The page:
Vice Media Group cuts 155 staffers globally

Vice Media Group, the parent company of Vice globally, Refinery 29 and i-D, has cut 155 roles globally – 55 from its US publishers and 100 from markets around the world.

A spokesperson for Vice wouldn’t confirm what this meant for the Australian market, but confirmed the business had cut around 5% of its global headcount.

Vice is axing 5% of staff globally

In a letter sent to staff, Vice Media Group CEO Nancy Dubac said the business went to every possible length to preserve roles.

“While a core group of senior leaders have been working tirelessly to think through and reimagine how to weather these anything-but-normal times. While losing even one job feels like too many, these decisions ultimately rest with me and I assure you that we went to great lengths to preserve jobs,” said Dubac.

“The reality is that some tough decisions had to be made primarily around our digital teams. Currently, our digital organization accounts for around 50% of our headcount costs, but only brings in about 21% of our revenue. Looking at our business holistically, this imbalance needed to be addressed for the long-term health of our company.”

The business stopped hiring when the pandemic struck, said Dubac, and moved as many people as possible into new roles.

“None of these things makes today any easier. The fact is that we have to say goodbye to 55 colleagues in the US today and approximately 100 colleagues globally over the coming weeks. I want you to know that we’ve done absolutely everything we could to protect these positions for as long as possible, and your time and contributions will forever be part of who we are and who we will become,” said Dubac.

All workers would be paid severance pay, said Dubac, be able to keep their work-issued laptops and would receive services to help them find a new role. US employees would also be able to access health benefits until the end of the year.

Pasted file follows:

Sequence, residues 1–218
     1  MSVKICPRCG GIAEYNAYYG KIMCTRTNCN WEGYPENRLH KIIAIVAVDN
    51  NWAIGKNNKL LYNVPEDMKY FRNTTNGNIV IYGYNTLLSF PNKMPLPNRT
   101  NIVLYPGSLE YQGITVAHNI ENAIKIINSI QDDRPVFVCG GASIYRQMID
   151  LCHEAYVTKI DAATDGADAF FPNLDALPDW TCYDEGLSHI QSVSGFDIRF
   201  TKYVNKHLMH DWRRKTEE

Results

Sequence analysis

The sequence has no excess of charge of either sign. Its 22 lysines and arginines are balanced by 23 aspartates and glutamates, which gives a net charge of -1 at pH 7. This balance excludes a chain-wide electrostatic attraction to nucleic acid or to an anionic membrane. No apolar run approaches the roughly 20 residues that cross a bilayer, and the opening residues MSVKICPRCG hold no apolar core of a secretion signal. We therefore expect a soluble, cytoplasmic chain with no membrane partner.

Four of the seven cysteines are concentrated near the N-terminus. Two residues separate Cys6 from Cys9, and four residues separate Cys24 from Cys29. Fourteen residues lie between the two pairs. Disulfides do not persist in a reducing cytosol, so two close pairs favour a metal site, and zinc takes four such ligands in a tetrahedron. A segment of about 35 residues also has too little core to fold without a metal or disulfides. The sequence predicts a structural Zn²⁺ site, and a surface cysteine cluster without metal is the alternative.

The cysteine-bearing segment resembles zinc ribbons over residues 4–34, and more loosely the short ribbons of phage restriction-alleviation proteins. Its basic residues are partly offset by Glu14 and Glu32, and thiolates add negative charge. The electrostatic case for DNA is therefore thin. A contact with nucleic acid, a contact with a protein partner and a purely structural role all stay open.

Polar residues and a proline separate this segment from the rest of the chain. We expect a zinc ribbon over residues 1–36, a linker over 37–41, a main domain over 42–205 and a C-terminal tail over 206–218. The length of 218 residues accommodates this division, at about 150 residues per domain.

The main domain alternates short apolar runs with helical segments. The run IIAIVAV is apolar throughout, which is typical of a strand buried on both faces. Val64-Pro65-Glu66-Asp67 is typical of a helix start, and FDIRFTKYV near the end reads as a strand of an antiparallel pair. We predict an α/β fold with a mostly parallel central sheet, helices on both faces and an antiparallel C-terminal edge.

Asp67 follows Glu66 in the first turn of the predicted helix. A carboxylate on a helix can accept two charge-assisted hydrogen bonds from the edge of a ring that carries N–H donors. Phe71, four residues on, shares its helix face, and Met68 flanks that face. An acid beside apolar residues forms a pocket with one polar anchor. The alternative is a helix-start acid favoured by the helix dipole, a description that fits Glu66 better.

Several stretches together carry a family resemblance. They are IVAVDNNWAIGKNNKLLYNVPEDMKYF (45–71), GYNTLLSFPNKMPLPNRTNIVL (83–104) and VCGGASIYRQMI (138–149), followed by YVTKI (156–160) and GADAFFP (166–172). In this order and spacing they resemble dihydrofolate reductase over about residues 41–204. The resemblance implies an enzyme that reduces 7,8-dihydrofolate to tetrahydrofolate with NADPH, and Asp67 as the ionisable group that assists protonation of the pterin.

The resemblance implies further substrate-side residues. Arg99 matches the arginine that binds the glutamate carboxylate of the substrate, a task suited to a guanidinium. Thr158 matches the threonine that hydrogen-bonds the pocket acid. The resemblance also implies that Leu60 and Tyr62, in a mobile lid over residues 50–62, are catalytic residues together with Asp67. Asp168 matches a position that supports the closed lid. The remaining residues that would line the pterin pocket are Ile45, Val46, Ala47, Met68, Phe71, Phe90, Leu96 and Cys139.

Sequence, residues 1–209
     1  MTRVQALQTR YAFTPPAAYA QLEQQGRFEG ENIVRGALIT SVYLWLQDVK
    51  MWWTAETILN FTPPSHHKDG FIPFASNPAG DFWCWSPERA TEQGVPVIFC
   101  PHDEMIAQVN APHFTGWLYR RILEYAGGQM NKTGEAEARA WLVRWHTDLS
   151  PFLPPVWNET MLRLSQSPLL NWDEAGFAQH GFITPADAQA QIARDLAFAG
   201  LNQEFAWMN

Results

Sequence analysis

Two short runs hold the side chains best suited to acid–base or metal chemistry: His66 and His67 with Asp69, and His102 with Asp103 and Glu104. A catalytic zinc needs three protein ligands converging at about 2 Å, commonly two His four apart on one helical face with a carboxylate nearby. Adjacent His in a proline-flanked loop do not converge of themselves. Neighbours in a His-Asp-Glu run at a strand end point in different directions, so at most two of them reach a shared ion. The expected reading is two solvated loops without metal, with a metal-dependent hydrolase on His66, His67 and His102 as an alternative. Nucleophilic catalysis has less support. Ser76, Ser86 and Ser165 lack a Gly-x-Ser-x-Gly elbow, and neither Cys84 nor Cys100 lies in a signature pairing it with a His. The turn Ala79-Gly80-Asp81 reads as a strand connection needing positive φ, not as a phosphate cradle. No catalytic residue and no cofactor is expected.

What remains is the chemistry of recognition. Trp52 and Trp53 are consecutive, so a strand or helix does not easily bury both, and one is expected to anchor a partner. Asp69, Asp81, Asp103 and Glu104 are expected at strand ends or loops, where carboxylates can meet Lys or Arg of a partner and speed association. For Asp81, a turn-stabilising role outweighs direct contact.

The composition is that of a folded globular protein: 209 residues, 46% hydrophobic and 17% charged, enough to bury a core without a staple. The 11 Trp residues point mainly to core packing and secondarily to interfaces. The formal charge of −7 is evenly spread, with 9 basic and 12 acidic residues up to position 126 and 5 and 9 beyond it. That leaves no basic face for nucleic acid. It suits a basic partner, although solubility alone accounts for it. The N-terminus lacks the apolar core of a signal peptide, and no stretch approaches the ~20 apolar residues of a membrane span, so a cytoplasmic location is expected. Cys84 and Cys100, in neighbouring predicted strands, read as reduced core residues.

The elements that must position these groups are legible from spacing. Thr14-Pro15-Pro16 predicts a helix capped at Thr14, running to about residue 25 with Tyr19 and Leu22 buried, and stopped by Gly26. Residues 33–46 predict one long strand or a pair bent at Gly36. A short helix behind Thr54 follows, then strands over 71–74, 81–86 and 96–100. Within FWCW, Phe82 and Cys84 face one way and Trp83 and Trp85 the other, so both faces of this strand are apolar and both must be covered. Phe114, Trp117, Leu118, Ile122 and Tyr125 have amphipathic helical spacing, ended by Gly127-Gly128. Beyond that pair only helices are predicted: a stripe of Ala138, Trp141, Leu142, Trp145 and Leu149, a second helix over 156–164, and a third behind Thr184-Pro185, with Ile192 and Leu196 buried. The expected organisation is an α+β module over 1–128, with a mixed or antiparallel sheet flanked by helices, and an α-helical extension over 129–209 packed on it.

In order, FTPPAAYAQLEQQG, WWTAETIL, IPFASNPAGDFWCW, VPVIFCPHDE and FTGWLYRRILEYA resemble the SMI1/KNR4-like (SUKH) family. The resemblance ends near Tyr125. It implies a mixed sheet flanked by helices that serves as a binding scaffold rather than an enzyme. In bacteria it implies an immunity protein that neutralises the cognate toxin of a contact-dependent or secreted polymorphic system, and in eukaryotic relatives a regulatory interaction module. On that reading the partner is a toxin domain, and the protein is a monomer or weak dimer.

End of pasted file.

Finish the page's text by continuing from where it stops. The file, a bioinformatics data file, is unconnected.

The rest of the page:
“Publishing right now is difficult across the whole industry— plain and simple— and the pandemic has intensified the tensions we all know exist between publishing and advertising. While big tech has brought wonderful things to our lives, they are also posing a great threat to journalism,” said Dubac.

“We grew our digital business faster than anyone at a time when we believed that as more pies were baked, we’d keep getting a slice. We work hard for that slice — we make great shows, write culture-driving stories and break news on issues no one else wants to touch. But we aren’t seeing the return from the platforms benefiting and making money from our hard work. Now, after many years of this, the squeeze is becoming a chokehold. Platforms are not just taking a larger slice of the pie, but almost the whole pie. And while the crescendo has been building for some time, now it is more clear than ever … 36,000+ lost jobs in journalism is enough to take your breath away.

“I worry about the day that I fear is fast approaching, when I wake up and everything I see, touch and know is because a few machines filtered my view by “optimizing” the world around me for the sake of more growth and more revenue. The world has learned this before: monopolies are not a winning strategy for humanity. It’s time we stand together as a media industry and address the serious issues that have slowly eroded the original promise of the Internet: a tool to bring society on more equal footing through knowledge and creativity unparalleled.”

Dubac’s comments are ones echoed by publishers in Australia where the Australian Competition and Consumer Commission (ACCC) is currently considering how it will force Facebook and Google to pay for news.

News Corp CEO Michael Miller has been outspoken about how much benefit publishers would reap if the big tech platforms provided revenue, estimating around $1bn per year would be a fair sum.

In February 2019 Vice cut 10% of its staff globally. At the time it was reported the publisher had around 50 staff in Australia. A restructure to help the business ‘hit its goals’ was blamed for the losses.

In the last week alone both Buzzfeed News and 10 Daily have ended editorial operations in Australia.


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